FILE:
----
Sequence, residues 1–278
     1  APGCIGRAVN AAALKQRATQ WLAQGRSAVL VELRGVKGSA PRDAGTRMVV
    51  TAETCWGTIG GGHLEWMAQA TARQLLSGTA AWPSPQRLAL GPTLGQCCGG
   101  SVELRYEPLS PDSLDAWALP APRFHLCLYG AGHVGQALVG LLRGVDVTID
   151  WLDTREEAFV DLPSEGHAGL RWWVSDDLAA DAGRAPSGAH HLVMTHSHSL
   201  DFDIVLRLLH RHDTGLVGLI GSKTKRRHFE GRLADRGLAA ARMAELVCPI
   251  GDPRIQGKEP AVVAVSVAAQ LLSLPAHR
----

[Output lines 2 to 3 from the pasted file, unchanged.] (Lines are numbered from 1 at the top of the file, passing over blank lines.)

     1  APGCIGRAVN AAALKQRATQ WLAQGRSAVL VELRGVKGSA PRDAGTRMVV
    51  TAETCWGTIG GGHLEWMAQA TARQLLSGTA AWPSPQRLAL GPTLGQCCGG